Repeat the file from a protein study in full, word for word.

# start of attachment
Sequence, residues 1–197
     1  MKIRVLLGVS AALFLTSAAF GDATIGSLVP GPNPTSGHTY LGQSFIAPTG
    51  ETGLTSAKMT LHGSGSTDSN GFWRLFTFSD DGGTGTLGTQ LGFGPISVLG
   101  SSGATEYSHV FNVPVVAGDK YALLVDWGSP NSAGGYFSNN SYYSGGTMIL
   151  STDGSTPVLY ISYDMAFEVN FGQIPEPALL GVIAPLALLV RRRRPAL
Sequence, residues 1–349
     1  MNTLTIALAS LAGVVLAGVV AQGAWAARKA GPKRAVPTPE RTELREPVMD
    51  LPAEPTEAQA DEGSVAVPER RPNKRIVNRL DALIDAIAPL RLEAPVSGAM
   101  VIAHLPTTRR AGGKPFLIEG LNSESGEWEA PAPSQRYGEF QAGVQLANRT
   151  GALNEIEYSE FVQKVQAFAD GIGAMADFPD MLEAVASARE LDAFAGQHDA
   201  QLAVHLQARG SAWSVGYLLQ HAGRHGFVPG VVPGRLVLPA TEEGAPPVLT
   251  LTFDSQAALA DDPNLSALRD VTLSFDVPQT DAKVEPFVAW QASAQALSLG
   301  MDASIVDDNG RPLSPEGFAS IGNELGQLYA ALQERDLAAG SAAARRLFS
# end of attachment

Sequence, residues 1–197
     1  MKIRVLLGVS AALFLTSAAF GDATIGSLVP GPNPTSGHTY LGQSFIAPTG
    51  ETGLTSAKMT LHGSGSTDSN GFWRLFTFSD DGGTGTLGTQ LGFGPISVLG
   101  SSGATEYSHV FNVPVVAGDK YALLVDWGSP NSAGGYFSNN SYYSGGTMIL
   151  STDGSTPVLY ISYDMAFEVN FGQIPEPALL GVIAPLALLV RRRRPAL
Sequence, residues 1–349
     1  MNTLTIALAS LAGVVLAGVV AQGAWAARKA GPKRAVPTPE RTELREPVMD
    51  LPAEPTEAQA DEGSVAVPER RPNKRIVNRL DALIDAIAPL RLEAPVSGAM
   101  VIAHLPTTRR AGGKPFLIEG LNSESGEWEA PAPSQRYGEF QAGVQLANRT
   151  GALNEIEYSE FVQKVQAFAD GIGAMADFPD MLEAVASARE LDAFAGQHDA
   201  QLAVHLQARG SAWSVGYLLQ HAGRHGFVPG VVPGRLVLPA TEEGAPPVLT
   251  LTFDSQAALA DDPNLSALRD VTLSFDVPQT DAKVEPFVAW QASAQALSLG
   301  MDASIVDDNG RPLSPEGFAS IGNELGQLYA ALQERDLAAG SAAARRLFS